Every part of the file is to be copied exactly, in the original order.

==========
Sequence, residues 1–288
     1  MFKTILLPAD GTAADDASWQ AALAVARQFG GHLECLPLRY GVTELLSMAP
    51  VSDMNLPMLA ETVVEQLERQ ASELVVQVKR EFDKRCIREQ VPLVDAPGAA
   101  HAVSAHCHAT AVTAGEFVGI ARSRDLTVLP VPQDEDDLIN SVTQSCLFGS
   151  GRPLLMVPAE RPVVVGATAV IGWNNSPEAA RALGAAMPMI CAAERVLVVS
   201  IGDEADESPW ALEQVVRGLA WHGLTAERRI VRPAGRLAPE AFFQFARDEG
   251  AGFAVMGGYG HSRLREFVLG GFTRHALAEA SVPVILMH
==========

Sequence, residues 1–288
     1  MFKTILLPAD GTAADDASWQ AALAVARQFG GHLECLPLRY GVTELLSMAP
    51  VSDMNLPMLA ETVVEQLERQ ASELVVQVKR EFDKRCIREQ VPLVDAPGAA
   101  HAVSAHCHAT AVTAGEFVGI ARSRDLTVLP VPQDEDDLIN SVTQSCLFGS
   151  GRPLLMVPAE RPVVVGATAV IGWNNSPEAA RALGAAMPMI CAAERVLVVS
   201  IGDEADESPW ALEQVVRGLA WHGLTAERRI VRPAGRLAPE AFFQFARDEG
   251  AGFAVMGGYG HSRLREFVLG GFTRHALAEA SVPVILMH